Let’s sample from a binomial distribution a sequence of events with lengths 5, 7, 10, 15, corresponding to the number of questions in a round and pass winning probabilities as a parameter of the distribution.  Repeat this 1000 times and calculate average (1) attempt at which a player reaches the last question, (2) length of the round.

attempts to reach last q-n

win proba

# of questions



























As seen in Table 1, in the case of 10 questions in a round, a not very good player with winning probabilities of 0.5 - 0.6 needs to make around 200 or more attempts to reach the last question and get a bonus. In a case of 5 questions,  a relatively good player with winning probabilities 0.8-0.9 is reaching last question in around 10 attempts, which looks too often. Approximately 7 questions per round look more reasonable, but a bit fast too. In cases of 7 and 10 questions per round, an average length of a round is 1-3 questions for probabilities 0.6 - 0.8.

A good choice will be to take 9 or 8 questions per round and design the first one or two questions very easily. Then a player will reach the last question in about 30-60 attempts while the average duration of a round would be 2 - 4 (or 3 - 6) questions per round. Later, if deciding to put some limitations on the number of sessions per day or balancing currencies we should take into account these values.

Fitting progression 2: XP vs Played Rounds

The second step is to design an XP-to-level formula. If we are planning rewards on level up, we should make an estimation of how often they occur at the beginning of a game and later. At the beginning of a game level ups should happen often for better engagement, but then it should slow down, otherwise, there would be a continuous surplus of resources. 

Figure 1

Figure 1 shows XP scores accumulation versus played rounds with 8 questions in each, and rewards: +10 XP scores for a correct answer, +100 XP scores for a correct answer on the last question, modeled 1 time for players with different probabilities of winning.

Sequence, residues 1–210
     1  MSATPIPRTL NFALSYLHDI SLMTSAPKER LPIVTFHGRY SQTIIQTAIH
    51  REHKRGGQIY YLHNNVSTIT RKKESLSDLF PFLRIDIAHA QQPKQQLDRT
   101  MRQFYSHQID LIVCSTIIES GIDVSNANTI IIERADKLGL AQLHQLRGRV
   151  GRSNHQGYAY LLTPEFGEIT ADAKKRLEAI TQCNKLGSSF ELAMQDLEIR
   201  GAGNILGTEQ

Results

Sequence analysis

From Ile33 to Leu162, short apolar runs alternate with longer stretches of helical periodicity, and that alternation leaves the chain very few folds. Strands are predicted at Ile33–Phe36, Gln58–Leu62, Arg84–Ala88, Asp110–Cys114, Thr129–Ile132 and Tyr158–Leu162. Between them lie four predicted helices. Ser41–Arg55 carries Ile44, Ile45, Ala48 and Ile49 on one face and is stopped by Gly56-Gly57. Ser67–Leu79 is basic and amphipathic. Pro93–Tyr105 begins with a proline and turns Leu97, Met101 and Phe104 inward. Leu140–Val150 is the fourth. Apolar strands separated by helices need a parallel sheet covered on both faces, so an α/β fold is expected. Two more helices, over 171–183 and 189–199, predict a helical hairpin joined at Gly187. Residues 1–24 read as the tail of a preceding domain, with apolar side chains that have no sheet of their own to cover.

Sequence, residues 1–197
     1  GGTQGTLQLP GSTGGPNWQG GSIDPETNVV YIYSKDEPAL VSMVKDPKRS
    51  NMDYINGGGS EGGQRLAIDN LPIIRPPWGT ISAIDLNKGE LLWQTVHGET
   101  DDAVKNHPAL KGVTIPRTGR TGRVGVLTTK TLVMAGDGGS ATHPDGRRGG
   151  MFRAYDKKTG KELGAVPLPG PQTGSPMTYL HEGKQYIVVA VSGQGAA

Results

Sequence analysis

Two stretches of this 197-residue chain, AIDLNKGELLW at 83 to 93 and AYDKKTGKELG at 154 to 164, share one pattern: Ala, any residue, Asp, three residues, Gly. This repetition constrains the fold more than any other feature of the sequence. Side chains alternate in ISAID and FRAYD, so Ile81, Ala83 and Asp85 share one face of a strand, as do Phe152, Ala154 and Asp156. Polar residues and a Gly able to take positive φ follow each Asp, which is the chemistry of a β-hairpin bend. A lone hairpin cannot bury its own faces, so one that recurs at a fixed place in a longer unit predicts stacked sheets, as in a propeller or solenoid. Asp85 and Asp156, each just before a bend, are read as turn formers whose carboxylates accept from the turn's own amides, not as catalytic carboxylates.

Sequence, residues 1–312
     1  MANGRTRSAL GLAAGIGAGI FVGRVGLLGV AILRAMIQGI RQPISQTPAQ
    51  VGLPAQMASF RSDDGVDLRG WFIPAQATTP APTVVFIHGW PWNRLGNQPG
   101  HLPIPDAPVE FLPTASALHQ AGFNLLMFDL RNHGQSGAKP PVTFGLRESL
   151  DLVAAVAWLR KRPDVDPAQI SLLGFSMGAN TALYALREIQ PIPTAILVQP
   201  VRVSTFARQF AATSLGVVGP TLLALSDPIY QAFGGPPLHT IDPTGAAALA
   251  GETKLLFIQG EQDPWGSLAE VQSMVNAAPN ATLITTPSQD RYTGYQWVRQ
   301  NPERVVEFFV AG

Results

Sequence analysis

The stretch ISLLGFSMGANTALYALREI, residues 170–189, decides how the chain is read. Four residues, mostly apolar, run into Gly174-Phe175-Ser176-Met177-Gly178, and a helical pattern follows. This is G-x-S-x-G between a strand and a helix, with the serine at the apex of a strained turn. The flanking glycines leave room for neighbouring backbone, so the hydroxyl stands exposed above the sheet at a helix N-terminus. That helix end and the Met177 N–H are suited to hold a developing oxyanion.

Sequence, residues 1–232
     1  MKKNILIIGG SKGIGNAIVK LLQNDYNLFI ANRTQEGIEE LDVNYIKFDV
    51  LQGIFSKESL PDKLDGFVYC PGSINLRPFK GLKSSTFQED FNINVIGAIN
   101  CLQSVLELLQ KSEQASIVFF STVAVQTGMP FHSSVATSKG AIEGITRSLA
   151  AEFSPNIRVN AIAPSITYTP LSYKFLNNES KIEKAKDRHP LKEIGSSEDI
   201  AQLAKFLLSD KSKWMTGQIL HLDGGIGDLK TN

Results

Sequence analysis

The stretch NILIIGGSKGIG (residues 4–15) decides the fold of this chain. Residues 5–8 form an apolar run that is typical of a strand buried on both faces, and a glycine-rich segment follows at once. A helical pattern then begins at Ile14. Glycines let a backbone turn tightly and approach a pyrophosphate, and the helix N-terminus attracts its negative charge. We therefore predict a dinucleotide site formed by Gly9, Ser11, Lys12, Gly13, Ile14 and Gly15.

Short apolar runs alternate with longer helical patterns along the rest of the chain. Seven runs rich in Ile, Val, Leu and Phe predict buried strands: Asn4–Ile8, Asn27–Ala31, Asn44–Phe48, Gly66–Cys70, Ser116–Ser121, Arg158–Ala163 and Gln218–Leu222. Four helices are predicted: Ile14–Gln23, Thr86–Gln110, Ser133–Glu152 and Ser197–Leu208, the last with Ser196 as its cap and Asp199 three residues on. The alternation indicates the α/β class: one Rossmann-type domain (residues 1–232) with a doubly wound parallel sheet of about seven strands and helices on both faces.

Figure 2

Figure 2 shows a reasonable level of progression for those players. They experience level-ups in the first 3-5 rounds then progression goes faster and they reach  7 - 15 levels at 30-60 rounds (when they expected to reach the last question according to estimations in the previous section). Then progression grows less rapidly and level-ups occur each 10th rounds for a good playing person and each 20th round for a bad playing person.

Our Experience

Balancing the game economy can seem like a daunting task even for the most experienced game designers. However, there are rules, guidelines, and models you can adhere to that can help you get the best out of your game and truly get started. If you don’t have the skillset on your team to model the game economy, the task can be easily outsourced.

Room 8 Studio team provides game economy support to clients on an ongoing or project basis on different stages. More information on our website, on the Game Economy Design page.

More about the level and economy design:

Case study: Trivia Royale Game Development Collaboration

Case study: Meow Match Level & Economy Design

Article: 5 Basic Steps in Creating Balanced In-Game Economy

Article: Smart & Casual: The State Of Tile Puzzle Games Level Design

Final Thoughts

In the example of a simple trivia game above we designed 2 sources of currency, modeled a progression though game for players with different probabilities of winning. We saw a range of how often both sources occur for a better-playing person and worse-playing person. 

In the next steps of designing and balancing sinks of resources, monetization strategy, feeding content into the player we should take into account these estimations we can take into consideration derived progression curves and frequencies of getting rewards. 

Building a game economy requires expertise and experience: if you need some, Room 8 Studio's game design and game economy teams are always happy to help.